Some other things that you will do is learn some terminology and language that will help you to understand what exactly the team is talking about down the road when you get into the meat of RCIA.
- Catechism: a summary of the principles of Christian religion in the form of questions and answers, used for the instruction of Christians.
- Catechesis: oral religious instruction, especially before baptism or confirmation.
- Catechumenate: The Catechumenate is a process of Christian formation offered to those who seek to become members of the Catholic Church. The Rite of Christian Initiation of Adults (RCIA) refers to the liturgical rites belonging to the Catechumenate, and includes an adaptation for children.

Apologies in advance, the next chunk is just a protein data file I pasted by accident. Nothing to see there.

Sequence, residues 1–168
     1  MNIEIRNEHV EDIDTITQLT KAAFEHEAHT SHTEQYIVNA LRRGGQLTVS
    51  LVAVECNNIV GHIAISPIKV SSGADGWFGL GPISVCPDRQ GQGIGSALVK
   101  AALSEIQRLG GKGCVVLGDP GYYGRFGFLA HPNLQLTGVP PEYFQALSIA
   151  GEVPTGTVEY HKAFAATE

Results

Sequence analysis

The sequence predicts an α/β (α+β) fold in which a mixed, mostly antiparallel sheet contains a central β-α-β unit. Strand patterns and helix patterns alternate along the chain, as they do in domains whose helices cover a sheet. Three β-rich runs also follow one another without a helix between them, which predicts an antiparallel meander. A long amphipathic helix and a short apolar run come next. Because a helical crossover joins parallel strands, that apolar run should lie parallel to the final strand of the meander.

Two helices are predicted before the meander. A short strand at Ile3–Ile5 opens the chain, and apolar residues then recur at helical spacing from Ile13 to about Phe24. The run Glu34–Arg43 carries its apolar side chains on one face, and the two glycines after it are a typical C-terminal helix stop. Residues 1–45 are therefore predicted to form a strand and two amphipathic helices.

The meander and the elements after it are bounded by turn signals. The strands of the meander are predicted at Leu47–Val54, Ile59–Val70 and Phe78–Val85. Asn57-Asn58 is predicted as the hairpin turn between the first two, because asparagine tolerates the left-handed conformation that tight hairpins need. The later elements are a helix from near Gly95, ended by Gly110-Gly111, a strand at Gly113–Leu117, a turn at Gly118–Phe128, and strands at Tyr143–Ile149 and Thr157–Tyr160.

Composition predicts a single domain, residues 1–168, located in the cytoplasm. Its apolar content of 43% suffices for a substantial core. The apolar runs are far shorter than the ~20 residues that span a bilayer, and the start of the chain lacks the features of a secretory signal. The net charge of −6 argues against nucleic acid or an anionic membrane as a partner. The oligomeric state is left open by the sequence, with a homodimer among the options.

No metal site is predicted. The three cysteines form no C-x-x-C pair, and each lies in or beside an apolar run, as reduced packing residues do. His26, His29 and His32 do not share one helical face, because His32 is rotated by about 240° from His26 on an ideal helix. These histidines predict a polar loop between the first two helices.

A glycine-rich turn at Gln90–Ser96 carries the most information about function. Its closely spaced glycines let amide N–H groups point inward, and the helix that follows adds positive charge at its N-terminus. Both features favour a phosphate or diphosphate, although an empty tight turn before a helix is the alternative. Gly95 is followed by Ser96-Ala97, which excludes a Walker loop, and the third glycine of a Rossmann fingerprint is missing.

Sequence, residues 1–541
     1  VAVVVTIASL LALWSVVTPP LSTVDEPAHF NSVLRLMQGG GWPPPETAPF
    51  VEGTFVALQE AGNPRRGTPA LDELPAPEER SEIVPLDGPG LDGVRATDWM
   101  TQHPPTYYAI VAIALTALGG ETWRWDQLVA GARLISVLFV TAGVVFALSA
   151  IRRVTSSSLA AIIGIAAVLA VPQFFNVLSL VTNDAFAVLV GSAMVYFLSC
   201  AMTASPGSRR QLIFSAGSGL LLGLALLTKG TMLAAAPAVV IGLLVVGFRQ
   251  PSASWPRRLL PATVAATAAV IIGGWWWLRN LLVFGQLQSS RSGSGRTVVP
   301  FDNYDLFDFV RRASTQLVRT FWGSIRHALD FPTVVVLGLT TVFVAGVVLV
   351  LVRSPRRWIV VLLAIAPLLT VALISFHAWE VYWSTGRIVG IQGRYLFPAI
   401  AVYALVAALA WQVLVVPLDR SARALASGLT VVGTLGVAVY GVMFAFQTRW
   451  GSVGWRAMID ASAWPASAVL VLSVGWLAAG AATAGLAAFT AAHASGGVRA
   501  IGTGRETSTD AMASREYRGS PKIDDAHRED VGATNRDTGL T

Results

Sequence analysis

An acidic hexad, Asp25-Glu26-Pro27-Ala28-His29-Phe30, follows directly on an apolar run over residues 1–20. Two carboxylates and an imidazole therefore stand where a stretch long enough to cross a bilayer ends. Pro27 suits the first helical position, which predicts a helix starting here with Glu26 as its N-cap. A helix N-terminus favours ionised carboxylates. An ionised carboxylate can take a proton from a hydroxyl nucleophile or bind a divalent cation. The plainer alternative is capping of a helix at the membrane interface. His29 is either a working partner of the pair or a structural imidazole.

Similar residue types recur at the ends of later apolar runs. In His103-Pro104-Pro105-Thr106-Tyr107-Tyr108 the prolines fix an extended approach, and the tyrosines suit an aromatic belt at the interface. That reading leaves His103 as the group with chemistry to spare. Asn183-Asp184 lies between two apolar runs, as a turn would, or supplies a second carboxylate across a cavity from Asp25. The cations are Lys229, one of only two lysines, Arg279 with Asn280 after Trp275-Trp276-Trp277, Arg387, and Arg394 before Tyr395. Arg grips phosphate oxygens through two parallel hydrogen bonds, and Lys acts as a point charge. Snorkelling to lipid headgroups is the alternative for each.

- Liturgy: a fixed set of ceremonies, words, etc., that are used during public worship in a religion.
There are many other words that you will learn from the onset of RCIA, but these are important to know because they directly pertain to each of you going through this journey.
“Come to me, all you who labor and are burdened, and I will give you rest” – Matthew 11:28
While this is a critical part of the beginning of your formation, I strongly suggest that you do not try to force anything. You will look back on this and realize how little you knew about the church. What is important is that you get to know those around you, those who are journeying with you, because their stories will be what you will remember the most from this part of the process.